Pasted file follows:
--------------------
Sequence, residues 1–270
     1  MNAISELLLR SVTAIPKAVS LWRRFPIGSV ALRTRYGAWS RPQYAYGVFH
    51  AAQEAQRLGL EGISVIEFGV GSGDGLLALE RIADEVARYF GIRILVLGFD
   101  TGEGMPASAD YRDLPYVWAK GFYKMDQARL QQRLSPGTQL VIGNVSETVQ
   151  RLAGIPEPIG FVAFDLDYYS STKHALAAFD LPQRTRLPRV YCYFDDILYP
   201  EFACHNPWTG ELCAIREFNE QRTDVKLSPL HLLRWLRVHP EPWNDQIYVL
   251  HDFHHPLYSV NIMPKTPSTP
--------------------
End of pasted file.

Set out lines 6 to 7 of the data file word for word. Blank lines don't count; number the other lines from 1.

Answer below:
   201  EFACHNPWTG ELCAIREFNE QRTDVKLSPL HLLRWLRVHP EPWNDQIYVL
   251  HDFHHPLYSV NIMPKTPSTP